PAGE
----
Large hospitals that were starting to spring up in the 18th century were characterised by their institutional character. The attention was mainly given to modern treatments rather than to a stimulating environment. Medicine had lost sight of the healing power of experiencing nature, until 1984 when architect Roger S. Ulrich demonstrated, in his studies, the healing effect of ‘green’ on patients’ recovery. According to him, oxygen, the fresh scent, and even just the sight of trees and plants (either real or depicted) were beneficial. His publication was groundbreaking and opened the doors to the reintegration of nature into healthcare, stimulating a new school of design called ‘Evidence-based Design’. EBD is a school of design where design decisions are based on scientific research. The research investigates and stimulates positive links between the hospital environment and the patient’s health.

Tree #3 by Myoung Ho Lee, archival inkjet print, 2006 © Myoung Ho Lee, photograph courtesy of Yossi Milo Gallery, New York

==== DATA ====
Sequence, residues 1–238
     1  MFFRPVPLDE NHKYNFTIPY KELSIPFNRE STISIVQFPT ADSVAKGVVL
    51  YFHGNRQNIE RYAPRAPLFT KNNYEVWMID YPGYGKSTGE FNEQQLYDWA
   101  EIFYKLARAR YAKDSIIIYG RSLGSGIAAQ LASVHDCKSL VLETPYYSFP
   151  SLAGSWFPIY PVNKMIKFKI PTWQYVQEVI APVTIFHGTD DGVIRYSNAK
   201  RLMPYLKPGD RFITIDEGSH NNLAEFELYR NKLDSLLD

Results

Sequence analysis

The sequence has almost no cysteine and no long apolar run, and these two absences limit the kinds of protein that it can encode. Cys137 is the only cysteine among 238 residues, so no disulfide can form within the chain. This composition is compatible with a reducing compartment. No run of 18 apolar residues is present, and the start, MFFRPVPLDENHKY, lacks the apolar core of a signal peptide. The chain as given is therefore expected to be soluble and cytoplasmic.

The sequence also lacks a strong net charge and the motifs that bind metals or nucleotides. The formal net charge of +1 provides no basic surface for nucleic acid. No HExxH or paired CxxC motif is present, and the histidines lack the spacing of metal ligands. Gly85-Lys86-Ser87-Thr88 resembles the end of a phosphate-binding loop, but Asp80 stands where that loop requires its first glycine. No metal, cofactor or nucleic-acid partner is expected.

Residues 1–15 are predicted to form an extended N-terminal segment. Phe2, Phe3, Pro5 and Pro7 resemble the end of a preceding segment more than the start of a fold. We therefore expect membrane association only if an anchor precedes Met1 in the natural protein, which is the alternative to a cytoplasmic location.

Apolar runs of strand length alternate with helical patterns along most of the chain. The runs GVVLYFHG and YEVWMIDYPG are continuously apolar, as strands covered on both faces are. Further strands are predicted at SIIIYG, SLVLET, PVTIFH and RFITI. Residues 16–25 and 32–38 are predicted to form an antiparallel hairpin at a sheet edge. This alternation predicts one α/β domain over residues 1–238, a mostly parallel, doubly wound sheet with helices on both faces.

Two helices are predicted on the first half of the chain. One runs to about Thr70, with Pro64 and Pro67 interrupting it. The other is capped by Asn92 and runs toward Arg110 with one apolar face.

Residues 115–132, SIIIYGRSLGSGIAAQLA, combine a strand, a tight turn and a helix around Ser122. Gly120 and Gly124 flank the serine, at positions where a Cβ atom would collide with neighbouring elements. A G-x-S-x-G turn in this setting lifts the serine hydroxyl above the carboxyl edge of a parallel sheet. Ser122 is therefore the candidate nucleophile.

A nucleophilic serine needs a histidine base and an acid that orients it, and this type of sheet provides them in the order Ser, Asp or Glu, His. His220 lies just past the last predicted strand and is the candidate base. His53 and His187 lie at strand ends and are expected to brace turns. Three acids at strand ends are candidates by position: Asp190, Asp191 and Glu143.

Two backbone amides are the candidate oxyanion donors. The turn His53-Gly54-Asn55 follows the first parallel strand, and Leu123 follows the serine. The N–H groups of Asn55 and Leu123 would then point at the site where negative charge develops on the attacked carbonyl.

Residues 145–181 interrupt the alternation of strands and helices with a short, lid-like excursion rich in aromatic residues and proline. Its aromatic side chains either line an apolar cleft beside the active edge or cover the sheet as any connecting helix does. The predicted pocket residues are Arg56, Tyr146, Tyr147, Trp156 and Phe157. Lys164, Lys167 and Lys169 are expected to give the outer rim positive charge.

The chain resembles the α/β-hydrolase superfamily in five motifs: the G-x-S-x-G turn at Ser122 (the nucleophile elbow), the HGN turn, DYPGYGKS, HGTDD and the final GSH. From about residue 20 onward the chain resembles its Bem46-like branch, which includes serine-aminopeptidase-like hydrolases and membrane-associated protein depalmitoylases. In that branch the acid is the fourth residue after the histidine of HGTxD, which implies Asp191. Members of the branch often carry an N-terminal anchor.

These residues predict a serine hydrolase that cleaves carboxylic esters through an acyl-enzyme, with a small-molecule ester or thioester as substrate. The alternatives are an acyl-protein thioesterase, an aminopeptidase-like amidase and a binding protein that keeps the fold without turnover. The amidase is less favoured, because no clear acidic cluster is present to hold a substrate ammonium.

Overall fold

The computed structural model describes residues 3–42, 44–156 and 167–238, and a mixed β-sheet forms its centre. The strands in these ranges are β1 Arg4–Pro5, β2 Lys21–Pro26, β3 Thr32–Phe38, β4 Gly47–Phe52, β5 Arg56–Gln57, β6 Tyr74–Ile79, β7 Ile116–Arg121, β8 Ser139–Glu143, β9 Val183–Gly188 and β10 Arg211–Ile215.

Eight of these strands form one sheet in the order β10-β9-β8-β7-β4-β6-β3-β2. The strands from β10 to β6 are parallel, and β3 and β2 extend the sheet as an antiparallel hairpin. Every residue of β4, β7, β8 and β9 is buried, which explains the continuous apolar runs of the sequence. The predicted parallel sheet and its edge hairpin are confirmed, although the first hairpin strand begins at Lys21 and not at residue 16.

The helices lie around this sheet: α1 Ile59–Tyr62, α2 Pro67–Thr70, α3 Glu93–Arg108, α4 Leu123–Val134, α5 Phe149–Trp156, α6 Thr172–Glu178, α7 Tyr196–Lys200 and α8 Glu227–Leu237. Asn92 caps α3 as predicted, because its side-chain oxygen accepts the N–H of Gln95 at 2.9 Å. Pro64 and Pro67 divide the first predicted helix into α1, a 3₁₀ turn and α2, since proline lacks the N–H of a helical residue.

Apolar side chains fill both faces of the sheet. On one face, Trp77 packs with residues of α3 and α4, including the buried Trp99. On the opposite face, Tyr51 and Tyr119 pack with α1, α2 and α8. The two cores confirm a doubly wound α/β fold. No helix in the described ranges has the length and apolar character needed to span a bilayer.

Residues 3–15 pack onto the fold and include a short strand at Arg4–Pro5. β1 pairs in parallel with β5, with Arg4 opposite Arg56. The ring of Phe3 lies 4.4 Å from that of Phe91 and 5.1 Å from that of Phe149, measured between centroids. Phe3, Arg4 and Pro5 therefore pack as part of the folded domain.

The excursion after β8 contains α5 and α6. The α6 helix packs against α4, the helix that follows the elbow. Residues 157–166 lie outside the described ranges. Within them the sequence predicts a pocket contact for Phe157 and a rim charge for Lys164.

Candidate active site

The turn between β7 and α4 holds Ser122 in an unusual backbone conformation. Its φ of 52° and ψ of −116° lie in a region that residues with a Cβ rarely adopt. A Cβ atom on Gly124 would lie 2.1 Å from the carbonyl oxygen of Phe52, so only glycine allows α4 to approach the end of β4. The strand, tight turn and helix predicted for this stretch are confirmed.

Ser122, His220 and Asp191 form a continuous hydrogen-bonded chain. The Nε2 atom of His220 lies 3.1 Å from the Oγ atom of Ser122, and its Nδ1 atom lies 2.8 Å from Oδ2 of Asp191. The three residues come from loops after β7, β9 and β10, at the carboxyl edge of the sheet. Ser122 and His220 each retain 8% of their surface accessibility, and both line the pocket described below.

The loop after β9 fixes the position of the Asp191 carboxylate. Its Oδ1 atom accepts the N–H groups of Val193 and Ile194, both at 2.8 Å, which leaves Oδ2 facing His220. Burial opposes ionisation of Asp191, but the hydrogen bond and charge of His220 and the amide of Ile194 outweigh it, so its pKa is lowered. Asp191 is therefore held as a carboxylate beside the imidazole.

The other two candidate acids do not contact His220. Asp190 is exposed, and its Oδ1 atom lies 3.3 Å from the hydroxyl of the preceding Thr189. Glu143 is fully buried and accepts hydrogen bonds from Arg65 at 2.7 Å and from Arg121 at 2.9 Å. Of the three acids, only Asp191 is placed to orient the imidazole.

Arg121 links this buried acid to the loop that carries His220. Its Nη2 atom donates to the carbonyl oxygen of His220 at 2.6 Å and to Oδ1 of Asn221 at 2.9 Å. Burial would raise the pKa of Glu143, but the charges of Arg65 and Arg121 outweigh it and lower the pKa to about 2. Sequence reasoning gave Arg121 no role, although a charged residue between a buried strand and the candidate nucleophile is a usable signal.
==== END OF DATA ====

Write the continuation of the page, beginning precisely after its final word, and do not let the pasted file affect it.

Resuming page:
Reintegration of the healing gardens
We now know that looking at nature can lead to a substantial reduction in stress in less than five minutes. For this reason, a large number of Dutch hospitals were equipped with ‘green zones’. Unfortunately, we cannot speak of ‘gardens’ here, and these green zones are often not even accessible to patients, visitors, and hospital staff.

The Tergooi Hospital in Hilversum shows how it can be done: during their treatment, cancer patients can sit in a specially designed pavilion in the hospital’s garden. The wooden pavilion has a glass ceiling, and the open structure stimulates experiencing nature with all its positive effects on a patient’s well-being.

Think of how great it would be to integrate a piece of ‘paradise on earth’ into all modern hospitals! A Persian garden. With a fountain gurgling softly in the middle, surrounded by places where you can sit and relax. A green environment where you can look at plants and flowers, either alone or with those close to you. A place the evokes pleasant thoughts and healing feelings.